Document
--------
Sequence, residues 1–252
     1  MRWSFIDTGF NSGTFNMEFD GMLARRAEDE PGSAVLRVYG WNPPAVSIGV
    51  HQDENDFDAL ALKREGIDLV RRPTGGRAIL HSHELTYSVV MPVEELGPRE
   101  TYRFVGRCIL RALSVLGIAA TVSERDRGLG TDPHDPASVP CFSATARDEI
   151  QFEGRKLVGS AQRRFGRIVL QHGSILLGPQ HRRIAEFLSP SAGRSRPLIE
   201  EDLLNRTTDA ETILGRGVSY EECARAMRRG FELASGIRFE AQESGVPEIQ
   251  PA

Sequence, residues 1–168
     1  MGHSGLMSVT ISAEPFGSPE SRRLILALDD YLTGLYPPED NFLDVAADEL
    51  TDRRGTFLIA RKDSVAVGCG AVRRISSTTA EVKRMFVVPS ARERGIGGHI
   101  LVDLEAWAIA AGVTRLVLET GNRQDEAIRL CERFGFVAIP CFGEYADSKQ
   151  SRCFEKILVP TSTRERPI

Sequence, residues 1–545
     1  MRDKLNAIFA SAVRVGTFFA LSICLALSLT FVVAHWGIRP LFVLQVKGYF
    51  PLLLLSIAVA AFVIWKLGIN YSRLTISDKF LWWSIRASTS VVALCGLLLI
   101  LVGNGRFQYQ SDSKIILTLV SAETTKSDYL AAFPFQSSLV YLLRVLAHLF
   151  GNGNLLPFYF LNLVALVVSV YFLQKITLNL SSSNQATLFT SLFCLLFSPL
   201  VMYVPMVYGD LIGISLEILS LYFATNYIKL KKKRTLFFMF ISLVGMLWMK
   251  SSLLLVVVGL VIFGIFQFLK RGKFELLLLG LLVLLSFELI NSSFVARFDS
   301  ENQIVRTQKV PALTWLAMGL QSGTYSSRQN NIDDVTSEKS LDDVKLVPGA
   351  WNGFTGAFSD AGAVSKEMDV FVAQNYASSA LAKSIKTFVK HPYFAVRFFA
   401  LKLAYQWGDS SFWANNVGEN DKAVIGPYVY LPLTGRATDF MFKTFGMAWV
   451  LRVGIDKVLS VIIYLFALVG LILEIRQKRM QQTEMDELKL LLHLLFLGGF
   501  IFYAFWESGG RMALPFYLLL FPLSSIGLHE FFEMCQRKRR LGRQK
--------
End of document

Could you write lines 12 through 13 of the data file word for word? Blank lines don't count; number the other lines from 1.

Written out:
   151  SRCFEKILVP TSTRERPI

Sequence, residues 1–545